Adeela Hameed

Diving into the World of Software Development

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Vocal for Local: IT Entrepreneurship

Kashmir Images started an initiative, as part of India’s Vocal for Local campaign, of collecting inspirational stories from across Jammu and Kashmir, bringing to the readers fresh perspectives about solo entrepreneurship – successful only when practiced with persistence and conformed with patience.

Adeela Hameed, as the ground reporter and interviewer with Kashmir Images for this project, takes us to a young man from the Valley who has carved a name for himself in the rigorous sector of web application development.

Mr. Uzair Hussain gained repute as the team leader of the innovative research group which invented a software to assuage the problem of pollution in Kashmir. The team gained prestigious mention in ATAL (Government of India’s think-tank), and was the reason DPS Srinagar – from where the group worked – is the only school in the Valley which has acquired an ATAL Tinkering Lab – an incubation center for ingenious science projects. Subsequently, Uzair was named an official ATAL mentor for Kashmir. Amidst the current pandemic, he is also credited with developing a J&K-centered COVID-19 tracking website ( to counter panic created due to misinformation.

Here are the excerpts from the interview:

Q.1. IT being a vast enterprise, people do tend to club every aspect together, which doesn’t quite do justice to the field. To forgo this oversimplification, tell us about your niche in this sector?

Although I consider myself an end-to-end software developer, my niche in the sector is website and web application development.

Q.2. How did you start working with web design? Are you currently pursuing a professional degree in the subject?

I have been passionate about technology ever since I was a child but it was in school where I was first exposed to programming in general. Later, when I started pursuing this business professionally, I realized that web development is more in-demand than other areas of software development. So, over the years, web development became my primary thing.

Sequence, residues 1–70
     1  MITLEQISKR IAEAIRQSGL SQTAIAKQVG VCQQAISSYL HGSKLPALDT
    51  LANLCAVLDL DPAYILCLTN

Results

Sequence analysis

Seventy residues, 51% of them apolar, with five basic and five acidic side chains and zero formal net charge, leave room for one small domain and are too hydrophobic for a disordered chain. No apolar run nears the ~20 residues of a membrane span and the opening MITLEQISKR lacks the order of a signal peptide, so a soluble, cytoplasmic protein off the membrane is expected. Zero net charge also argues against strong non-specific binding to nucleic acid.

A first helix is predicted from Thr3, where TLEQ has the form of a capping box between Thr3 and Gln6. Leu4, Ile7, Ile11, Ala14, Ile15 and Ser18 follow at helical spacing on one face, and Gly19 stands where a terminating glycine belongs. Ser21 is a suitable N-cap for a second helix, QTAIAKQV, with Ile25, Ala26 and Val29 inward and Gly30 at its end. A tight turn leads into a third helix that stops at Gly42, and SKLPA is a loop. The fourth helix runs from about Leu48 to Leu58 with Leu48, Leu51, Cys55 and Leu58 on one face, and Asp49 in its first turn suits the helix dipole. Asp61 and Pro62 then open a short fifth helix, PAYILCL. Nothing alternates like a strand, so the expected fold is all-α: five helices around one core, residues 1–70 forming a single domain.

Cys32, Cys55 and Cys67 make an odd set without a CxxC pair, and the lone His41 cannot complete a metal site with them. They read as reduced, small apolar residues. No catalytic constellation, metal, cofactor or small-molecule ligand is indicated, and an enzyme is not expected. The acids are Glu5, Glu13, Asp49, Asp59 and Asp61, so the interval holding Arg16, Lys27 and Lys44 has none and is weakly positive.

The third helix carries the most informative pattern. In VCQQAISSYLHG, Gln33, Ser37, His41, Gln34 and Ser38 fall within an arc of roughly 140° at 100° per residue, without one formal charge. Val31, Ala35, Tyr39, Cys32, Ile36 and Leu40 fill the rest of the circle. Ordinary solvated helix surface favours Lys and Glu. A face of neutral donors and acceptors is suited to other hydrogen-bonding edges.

Yes, I am currently pursuing a bachelor’s degree in computer science and engineering.

Q.3. I believe IT is a rigorous field to master. Would you share challenges faced over the years?

I agree. But, with the right resources, guidance, and exposure, it is completely achievable to make a career in the field. The biggest challenge that I personally faced over the years (and continue to face to this day) is the constant shutting down of internet services in Kashmir. It is almost impossible to run a business, especially a software business, in a place with unreliable internet. I am absolutely certain that every software developer based in Kashmir will quote this problem as their biggest as well.

Q.4. Being an alumnus of DPS Srinagar, you must have been exposed to a plethora of opportunities. How has school influenced your work and aim?

As I mentioned earlier, I was first exposed to programming in school. I also highlighted the essentiality of the right resources, guidance, and exposure at the right time. At DPS Srinagar, I was lucky to have it all.

The motto of my Alma mater is ‘service before self’. I think I will always continue to impart this thought in my personal and professional goals.

Q.5. What was your family’s stance on the work you do? You would have supporters from among your friends and teachers too, right?

My family, friends, and teachers have always been my constant pillars of support and I feel extremely lucky and grateful to have them. I don’t think it would’ve been possible without their unending encouragement.

Q.6. I read your mention in Government of India’s think-tank, ATAL. Your team gained quite a good reputation because of which DPS Srinagar became the only school in the Valley to have its own ATAL Tinkering Lab. What are your thoughts about that?

The main focus of my team was to build a solution to alleviate the problem of pollution and we managed to develop a product that did exactly that. I think our project is a good example of how technology is not something abstract but a great tool to solve real world problems and improve the lives of everyday people.

Q.7. What, as a developer, are your observations about the IT sector in the Valley?

Kashmir is an uncharted market. We are yet to undergo a full-fledged ‘digitization’ process, unlike other regions where opportunities have been seized and there’s not much to do. That, in a way, is a good thing. I believe that Kashmir can go through that process and plenty of opportunities can be created but, the problem is that we lack the stability needed for tech start-ups to flourish. We have the talent and the market, but our engineers are leaving because they just cannot work in these conditions. Our customers are afraid to adopt modern technological solutions as they cannot afford to have their respective businesses completely crippled when the internet is shut. I hope things change in the future.

Q.8. Where do you see yourself in the next 10 years?

I see myself leading my own brand, working on challenging projects with a wider and more diverse range of organizations, and making the world a better place with technology.

(Mr. Uzair Hussain can be reached at [email protected])

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